What they both have in common


  • You have to train the big muscle groups to get a maximal hormonal response. You will not get as strong or as big as you can if you don’t train your legs.

  • Both increase your overall metabolism as they challenge your body to adapt and develop to meet the demand you are placing on your body.

  • You do get stronger with both, but Strength training will prioritize it.


How they are different

  • Hypertrophy training is much higher volume of sets and reps and has less rest.

  • In Hypertrophy training, you want to intentionally overload the muscle, often to failure or significant “burn”.

  • Hypertrophy training will lead to more soreness as you break down your muscle to build them back up stronger.

  • Strength training does not break down the muscle as much, therefore you will not have as much muscle growth.

  • Strength training is much more taxing on the Central Nervous System (CNS), which is why you do less sets and reps.

  • You may feel more physically tired after some serious strength work because it is just flat out hard. If your CNS gets tired, you are tired all over.


What does all this mean for you and your goals?


Training to get a little leaner and athletic or functional?

  • Do a mix of strength training with some more aerobic type circuits or training.

  • That means you will be moving some heavier loads for lesser reps and then doing either some steady cardio or some high intensity exercises with much lighter weights that will not give you any hypertrophy.

Want to be a Power lifter or Olympic weightlifter?

  • Aim for your weight class and prioritize strength over hypertrophy, especially once you are in the range of your weight class.

  • Within a given weight class, to get stronger, you will have to do phases of hypertrophy training to build more muscle, but you will have to get leaner and leaner to stay in your weight class.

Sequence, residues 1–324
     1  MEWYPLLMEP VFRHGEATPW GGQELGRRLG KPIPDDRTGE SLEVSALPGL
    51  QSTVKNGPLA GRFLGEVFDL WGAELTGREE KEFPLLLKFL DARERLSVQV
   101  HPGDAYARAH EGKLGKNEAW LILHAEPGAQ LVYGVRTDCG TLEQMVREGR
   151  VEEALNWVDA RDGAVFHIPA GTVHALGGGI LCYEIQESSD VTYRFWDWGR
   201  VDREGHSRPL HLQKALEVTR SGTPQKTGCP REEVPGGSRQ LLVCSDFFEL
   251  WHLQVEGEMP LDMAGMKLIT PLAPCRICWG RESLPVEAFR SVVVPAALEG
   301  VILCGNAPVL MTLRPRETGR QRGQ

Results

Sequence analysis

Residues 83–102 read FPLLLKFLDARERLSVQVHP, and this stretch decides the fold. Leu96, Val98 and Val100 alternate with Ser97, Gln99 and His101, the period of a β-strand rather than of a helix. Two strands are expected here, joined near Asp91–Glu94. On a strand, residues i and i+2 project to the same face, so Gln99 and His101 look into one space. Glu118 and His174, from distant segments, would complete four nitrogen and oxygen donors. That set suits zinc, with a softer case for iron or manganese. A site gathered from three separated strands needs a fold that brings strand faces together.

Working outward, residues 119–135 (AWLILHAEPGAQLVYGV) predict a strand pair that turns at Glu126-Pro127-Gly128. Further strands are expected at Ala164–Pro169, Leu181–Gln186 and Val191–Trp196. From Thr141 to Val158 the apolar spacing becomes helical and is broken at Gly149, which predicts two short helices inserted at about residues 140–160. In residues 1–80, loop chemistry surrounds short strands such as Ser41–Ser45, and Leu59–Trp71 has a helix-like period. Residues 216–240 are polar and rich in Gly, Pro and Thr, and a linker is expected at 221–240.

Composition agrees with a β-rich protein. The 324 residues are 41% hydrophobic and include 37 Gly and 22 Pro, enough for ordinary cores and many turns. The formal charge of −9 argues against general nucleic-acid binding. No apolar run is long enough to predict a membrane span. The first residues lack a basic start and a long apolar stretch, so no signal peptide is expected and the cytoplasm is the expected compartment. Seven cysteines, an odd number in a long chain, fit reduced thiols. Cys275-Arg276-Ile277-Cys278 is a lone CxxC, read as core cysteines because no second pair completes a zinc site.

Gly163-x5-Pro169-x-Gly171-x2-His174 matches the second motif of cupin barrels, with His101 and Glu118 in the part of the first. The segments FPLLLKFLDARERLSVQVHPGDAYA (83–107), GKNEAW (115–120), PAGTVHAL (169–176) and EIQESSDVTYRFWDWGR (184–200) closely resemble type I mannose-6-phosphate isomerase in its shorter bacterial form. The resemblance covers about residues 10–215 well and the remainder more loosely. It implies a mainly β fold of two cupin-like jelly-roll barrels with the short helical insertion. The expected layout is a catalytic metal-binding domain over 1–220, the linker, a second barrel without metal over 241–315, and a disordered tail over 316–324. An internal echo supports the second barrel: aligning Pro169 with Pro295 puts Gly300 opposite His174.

• Eventually you may have to decide to move to a higher weight class, to continue to get stronger.

Want to be a strong man?

  • Eat quality fuel to get as big and strong as you can.

  • Continually periodize hypertrophy and strength training while limiting the cardio so it does not take away from your strength training.

  • Hypertrophy training may be used as a lower intensity day to allow your CNS to recover, while still working toward your goals.

Want to be a body builder or increase your muscle size at all?

  • You will have to plan hypertrophy training into your regimen quite a bit.

  • Fuel your muscles with more calories to get the growth you want. Muscles will not grow without fuel. If you are overweight, you may not need to add any additional calories to see your muscles start to grow.

  • Have 1-2 significant strength training days in a week to stimulate your hormones to promote muscle growth.

Remember that your Nutrition is going to have a bigger impact on your health than the training that you do. You cannot out train a poor diet. Check out our Nutrition and exercise coaching options to see if we can help you reach your goals and be healthier.


If you have further questions about this or any topics you would like us to cover leave a comment below.